Shiitake: Fungi MB

Shiitake: Fungi MB

Master herbalist Michael Tierra,  clinical herbalist, educator, and a founder of the American Herbalists’ Guild (AHG),  recently addressed this possible misconception in a seminar about the use of herbs to treat H1N1.  It appears that cytokine storms, or the theory of an overly strong immune response of some healthy adults, is not so much to blame in flu-related deaths, but rather, bacterial co-infection. Indeed, cytokine storms may not really be responsible at all. And just today there were reports that one third of H1N1 deaths to date were not a result of the flu itself but of bacterial co-infection. For this reason, I am not convinced that medicinal mushrooms such as shiitake, reishi, and maitake should be put aside in the therapeutic treatment of flu– and at the very least, they certainly offer immune-boosting potential. You might check out a lovely recipe posted by the latest Herb Companion issue that utilizes shiitake, astragalus, and garlic in an immune-boosting winter soup.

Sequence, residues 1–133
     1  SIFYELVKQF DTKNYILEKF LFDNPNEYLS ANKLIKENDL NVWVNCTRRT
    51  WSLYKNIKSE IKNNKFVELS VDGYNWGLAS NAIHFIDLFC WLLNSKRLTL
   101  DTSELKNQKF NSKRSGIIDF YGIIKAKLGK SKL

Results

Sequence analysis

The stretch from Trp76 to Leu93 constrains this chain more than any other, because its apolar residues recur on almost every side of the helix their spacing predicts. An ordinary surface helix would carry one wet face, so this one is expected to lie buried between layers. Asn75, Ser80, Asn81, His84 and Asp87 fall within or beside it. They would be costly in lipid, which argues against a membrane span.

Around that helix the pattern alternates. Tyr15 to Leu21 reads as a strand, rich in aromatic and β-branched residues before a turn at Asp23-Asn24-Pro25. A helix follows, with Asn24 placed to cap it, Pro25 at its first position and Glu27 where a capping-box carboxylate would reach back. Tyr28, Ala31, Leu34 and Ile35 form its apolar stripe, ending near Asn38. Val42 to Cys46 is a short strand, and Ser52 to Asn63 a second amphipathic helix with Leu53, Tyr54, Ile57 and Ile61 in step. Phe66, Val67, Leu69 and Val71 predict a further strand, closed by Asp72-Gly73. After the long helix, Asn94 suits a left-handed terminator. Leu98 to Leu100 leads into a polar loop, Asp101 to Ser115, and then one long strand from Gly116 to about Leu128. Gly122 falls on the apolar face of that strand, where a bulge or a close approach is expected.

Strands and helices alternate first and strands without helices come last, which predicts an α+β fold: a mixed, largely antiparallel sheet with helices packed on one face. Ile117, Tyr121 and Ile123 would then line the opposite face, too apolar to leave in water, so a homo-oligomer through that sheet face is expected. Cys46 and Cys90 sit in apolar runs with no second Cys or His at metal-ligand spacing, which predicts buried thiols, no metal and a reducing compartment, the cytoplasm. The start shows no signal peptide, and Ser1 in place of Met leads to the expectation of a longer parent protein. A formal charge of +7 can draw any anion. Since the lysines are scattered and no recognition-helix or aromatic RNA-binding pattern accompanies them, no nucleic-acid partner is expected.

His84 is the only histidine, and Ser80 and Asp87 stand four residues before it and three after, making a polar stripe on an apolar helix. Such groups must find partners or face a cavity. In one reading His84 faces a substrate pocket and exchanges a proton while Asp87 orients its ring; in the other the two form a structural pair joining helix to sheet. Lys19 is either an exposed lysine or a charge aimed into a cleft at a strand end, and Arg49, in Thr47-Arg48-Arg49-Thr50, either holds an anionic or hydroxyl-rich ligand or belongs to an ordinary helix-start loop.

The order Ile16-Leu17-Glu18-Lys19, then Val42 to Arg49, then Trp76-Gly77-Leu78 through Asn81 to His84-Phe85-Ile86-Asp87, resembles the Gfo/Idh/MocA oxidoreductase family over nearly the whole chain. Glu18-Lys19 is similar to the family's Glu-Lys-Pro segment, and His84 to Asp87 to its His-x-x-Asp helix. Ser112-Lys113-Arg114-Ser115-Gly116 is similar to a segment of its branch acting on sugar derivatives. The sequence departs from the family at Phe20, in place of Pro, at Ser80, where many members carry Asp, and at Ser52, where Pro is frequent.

Atragalus: Mountain Rose Herbs

Astragalus: Mountain Rose Herbs

TIPS TO PREVENT & TREAT THE FLU

1. Follow public health measures: wash your hands, cough into your inner elbow, and use anti-bacterial hand sanitizer in public places whenever necessary. Whether or not to get the vaccine is up to you. That said, vaccine manufacturers don’t claim that the vaccine will actually prevent flu, per se, but will just shortens the flu’s duration by 1/2-2 days and may decrease severity. Make an informed choice and it will be the right choice for you.  

2. Get some REST: Putting America’s obsession with business aside is a tough task for most, but realize that the less sleep and relaxation you get, the more vulnerable you’ll be! If you actually do get the flu, make sure you rest and don’t try to work through it. You’ll only end up more sick and vulnerable to nasty bacterial co-infections.